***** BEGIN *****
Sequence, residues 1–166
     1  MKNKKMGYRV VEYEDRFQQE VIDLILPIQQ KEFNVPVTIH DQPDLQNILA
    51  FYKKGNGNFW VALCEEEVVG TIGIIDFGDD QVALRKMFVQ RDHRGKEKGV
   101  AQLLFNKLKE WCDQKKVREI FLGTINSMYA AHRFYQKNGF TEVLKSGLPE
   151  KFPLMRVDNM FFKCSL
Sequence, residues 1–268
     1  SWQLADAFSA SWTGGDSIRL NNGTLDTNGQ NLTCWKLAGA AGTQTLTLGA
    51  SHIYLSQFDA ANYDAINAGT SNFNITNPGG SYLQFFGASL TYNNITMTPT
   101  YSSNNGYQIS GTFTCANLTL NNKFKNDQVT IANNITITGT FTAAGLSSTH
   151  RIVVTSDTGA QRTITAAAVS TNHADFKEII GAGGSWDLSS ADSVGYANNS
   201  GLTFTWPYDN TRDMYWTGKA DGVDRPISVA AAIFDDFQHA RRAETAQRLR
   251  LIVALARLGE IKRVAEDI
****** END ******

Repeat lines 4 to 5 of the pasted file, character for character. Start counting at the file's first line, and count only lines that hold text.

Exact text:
   101  AQLLFNKLKE WCDQKKVREI FLGTINSMYA AHRFYQKNGF TEVLKSGLPE
   151  KFPLMRVDNM FFKCSL